A data breach at Equifax has exposed the personal information of as many as 143 million Americans. Take a look at where this massive breach ranks among the largest in corporate history.
10. TRW, now Experian (1984) -- 90 million credit reports lost at a cost of $5.4 million
9. TJX Companies Inc. (2007) -- 94 million credit and debit card records lost at a cost of $5.64 million
8. Target (2013) -- Up to 110 million Target customers had data stolen from July to October 2013, and the company revealed the breech at the height of the 2013 holiday shopping season. The company said 40 million debit and credit card numbers were stolen and as many as 70 million customers had personal information stolen, although there may be some overlap on the lists.
7. LinkedIn (2012) -- The same hacker, Peace, credited with the 2016 MySpace attack, also took credit for this hack, in which it was initially reported about 6.5 million passwords had been breached. It was later discovered that "more than 100 million," according to LinkedIn, and possibly as many as 167 million accounts were affected.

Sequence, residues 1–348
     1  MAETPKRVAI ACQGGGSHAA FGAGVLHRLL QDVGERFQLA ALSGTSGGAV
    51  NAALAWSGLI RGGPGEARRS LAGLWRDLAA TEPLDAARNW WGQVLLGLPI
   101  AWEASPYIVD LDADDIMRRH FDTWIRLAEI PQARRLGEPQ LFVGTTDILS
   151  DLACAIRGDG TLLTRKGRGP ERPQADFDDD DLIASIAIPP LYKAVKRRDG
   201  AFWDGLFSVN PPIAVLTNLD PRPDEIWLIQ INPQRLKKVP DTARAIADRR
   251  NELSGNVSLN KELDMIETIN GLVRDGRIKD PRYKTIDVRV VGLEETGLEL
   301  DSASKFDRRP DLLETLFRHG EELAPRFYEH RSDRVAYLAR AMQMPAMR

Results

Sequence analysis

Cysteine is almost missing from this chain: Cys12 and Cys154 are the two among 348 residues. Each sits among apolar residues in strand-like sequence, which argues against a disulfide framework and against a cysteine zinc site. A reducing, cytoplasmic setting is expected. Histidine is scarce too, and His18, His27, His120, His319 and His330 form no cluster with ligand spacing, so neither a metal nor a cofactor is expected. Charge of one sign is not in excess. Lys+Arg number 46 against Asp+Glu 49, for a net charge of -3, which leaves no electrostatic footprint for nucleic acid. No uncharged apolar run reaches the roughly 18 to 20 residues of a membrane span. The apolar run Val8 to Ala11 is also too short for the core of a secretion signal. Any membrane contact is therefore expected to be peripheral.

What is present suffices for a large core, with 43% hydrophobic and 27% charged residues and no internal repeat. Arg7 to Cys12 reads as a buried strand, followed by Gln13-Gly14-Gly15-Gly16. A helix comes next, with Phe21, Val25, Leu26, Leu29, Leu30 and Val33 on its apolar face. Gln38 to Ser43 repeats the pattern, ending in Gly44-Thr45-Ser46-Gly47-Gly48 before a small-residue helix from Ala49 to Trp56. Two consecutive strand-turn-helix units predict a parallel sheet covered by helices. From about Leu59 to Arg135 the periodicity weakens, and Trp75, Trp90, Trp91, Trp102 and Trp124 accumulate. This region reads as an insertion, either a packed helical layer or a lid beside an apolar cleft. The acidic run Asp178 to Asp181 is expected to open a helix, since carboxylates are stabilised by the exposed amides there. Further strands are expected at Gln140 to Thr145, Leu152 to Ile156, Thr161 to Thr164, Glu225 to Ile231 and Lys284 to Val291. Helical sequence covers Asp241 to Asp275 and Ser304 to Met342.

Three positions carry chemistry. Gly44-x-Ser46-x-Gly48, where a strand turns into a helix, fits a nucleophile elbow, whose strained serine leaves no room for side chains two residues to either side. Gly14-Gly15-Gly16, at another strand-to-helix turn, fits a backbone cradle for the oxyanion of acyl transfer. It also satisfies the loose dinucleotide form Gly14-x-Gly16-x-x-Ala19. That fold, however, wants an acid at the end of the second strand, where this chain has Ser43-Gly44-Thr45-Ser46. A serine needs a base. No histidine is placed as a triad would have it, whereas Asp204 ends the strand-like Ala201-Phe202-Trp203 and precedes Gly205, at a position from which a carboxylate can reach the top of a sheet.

6. Heartland (2008) -- The credit card processor was hit by an attack that exposed and estimated 130 million credit and debit card numbers. Heartland eventually paid more than $110 million to credit card companies to settle claims related to the breach.
5. Equifax (2017) -- Personal information (including Social Security Numbers, birth dates, addresses, and in some cases drivers' license numbers) of 143 million consumers; 209,000 consumers also had their credit card data exposed.
4. eBay (2014) -- Hackers using the credentials of three corporate employees gained access to the names, addresses, dates of birth and encrypted passwords of all of eBay's 145 million users.
3. Myspace (2016) -- The usernames and passwords for about 360 million accounts were breached in an attack credited by the company to a Russian hacker who goes by the name Peace.
2. Adult Friend Finder (2016) -- More than 412.2 million accounts
1. Yahoo (2013-14) -- In September 2016, Yahoo announced that data associated with at least 500 million accounts had been stolen in 2014. Three months later, it disclosed a second breach in 2013 affecting more than one billion accounts.